Poisoned peppers found in North Devon were meant for Lynton's infamous wild goats or Exmoor's famous ponies, the RSPCA fears.
The peppers are currently being analysed by Defra scientists
The charity wants to find those responsible for leaving the vegetables near the Valley of Rocks in Lynton.
Twelve green peppers were found stuffed with what is believed to be caustic soda crystals and baited blue grain, similar to rat poison.
The goats have long divided villagers because of the damage they cause.
The 80-strong goat herd grazes in the 300-acre valley in Exmoor National Park.
The goats, which have roamed the Valley of Rocks for hundreds of years often cause trouble by eating flowers in the cemetery and damaging local gardens.
They are described as "destructive and dangerous pests" by some locals, while others have claimed they are an important draw to tourists.
The poisoned peppers were found near a shelter in a public area by a member of the public who was out walking in the Valley Of Rocks on Friday - in an area frequented by the wild goats and Exmoor ponies.
The RSPCA believe the wild goats or Exmoor ponies are the target
RSPCA Chief Inspector David Steele said whoever left the peppers probably believed the animals would mistake them for apples.
But he said they could easily have been consumed by birds and other wildlife.
The Department for Environment Food and Rural Affairs (Defra) has been informed and the poisoned peppers have been sent for analysis.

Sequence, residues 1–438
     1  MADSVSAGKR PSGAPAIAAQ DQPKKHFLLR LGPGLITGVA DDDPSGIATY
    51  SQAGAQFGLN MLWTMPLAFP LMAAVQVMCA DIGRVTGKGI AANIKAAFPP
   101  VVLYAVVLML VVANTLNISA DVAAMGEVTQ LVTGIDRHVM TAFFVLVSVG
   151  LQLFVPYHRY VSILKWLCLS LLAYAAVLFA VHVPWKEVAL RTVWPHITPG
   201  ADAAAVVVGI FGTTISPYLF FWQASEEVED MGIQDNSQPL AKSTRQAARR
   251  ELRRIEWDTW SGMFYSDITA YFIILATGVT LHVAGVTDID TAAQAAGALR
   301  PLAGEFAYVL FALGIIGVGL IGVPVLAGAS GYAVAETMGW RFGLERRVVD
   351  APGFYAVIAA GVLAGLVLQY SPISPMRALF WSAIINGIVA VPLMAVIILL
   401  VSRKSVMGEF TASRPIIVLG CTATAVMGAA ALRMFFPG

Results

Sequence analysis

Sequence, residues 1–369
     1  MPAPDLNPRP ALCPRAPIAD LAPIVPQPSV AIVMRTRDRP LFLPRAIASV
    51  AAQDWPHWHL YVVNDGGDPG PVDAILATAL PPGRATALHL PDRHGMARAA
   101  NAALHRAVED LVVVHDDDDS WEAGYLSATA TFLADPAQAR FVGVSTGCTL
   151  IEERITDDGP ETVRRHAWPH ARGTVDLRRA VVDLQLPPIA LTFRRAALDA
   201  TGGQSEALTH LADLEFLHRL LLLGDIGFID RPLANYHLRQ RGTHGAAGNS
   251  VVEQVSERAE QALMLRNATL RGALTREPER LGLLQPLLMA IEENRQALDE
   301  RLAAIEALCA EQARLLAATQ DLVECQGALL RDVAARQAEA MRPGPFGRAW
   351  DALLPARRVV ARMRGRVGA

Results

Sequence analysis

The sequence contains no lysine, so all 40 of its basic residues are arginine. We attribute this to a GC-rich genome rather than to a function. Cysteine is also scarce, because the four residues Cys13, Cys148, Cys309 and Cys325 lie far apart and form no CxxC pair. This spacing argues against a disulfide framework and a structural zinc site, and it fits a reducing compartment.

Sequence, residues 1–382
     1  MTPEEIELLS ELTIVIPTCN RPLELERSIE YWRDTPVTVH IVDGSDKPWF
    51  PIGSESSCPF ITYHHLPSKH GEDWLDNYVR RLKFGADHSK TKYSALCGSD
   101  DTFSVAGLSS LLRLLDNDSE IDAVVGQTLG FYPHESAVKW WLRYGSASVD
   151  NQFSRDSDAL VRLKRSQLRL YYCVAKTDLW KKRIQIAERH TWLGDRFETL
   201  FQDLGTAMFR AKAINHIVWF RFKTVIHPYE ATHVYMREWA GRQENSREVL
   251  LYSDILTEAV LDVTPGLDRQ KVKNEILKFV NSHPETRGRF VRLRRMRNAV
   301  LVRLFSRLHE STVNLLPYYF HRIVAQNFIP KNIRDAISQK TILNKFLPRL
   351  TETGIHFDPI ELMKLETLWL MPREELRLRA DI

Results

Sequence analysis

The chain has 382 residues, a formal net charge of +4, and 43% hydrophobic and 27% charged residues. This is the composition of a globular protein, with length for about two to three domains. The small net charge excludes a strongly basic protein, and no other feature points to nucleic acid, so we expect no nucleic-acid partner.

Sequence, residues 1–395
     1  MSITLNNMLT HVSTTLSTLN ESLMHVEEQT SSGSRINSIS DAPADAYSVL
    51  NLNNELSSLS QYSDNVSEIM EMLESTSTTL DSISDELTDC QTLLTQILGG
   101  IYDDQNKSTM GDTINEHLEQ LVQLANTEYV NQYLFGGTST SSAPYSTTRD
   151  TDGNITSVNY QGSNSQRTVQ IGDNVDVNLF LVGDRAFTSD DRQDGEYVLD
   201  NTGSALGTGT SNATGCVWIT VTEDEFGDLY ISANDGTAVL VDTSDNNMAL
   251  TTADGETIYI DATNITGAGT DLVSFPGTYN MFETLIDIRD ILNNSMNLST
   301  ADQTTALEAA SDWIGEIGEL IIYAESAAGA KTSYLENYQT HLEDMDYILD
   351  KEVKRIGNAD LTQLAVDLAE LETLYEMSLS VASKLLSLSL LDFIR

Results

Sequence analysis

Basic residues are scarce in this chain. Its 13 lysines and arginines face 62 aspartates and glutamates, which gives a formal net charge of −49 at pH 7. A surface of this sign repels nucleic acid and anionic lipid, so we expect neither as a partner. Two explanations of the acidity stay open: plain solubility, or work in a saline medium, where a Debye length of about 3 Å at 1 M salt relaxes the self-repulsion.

"As far as we are aware, no animals have been poisoned by this incident, but it could be a very different story," Ch Insp Steele said.
"It is vital we find out who is responsible for this incident so they don't attempt to do the same thing again."
In May 2005, the goats were given a reprieve when the town council abandoned its plans to cull them, in favour of installing a new cattle grid.
However in January this year, about a dozen billy goats managed to cross the £40,000 grid, again bringing havoc and damage to Lynton.
Town Clerk Geoff Dwyer said he was "disgusted" by the discovery of the peppers.
"If, and it's a big if, this is aimed at the goats, I think its absolutely appalling," he told BBC News.
Mr Dwyer said children, dogs, feral cats, badgers, foxes and birds - including a pair of nearby peregrine falcons - were also being put at risk.